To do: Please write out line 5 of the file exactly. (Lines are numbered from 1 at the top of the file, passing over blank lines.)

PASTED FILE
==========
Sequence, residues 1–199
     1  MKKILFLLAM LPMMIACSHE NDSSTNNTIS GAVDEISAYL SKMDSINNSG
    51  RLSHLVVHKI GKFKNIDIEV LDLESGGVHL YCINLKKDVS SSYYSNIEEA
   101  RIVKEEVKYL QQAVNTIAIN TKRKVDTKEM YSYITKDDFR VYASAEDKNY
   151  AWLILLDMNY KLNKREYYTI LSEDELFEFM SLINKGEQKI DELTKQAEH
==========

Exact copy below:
   151  AWLILLDMNY KLNKREYYTI LSEDELFEFM SLINKGEQKI DELTKQAEH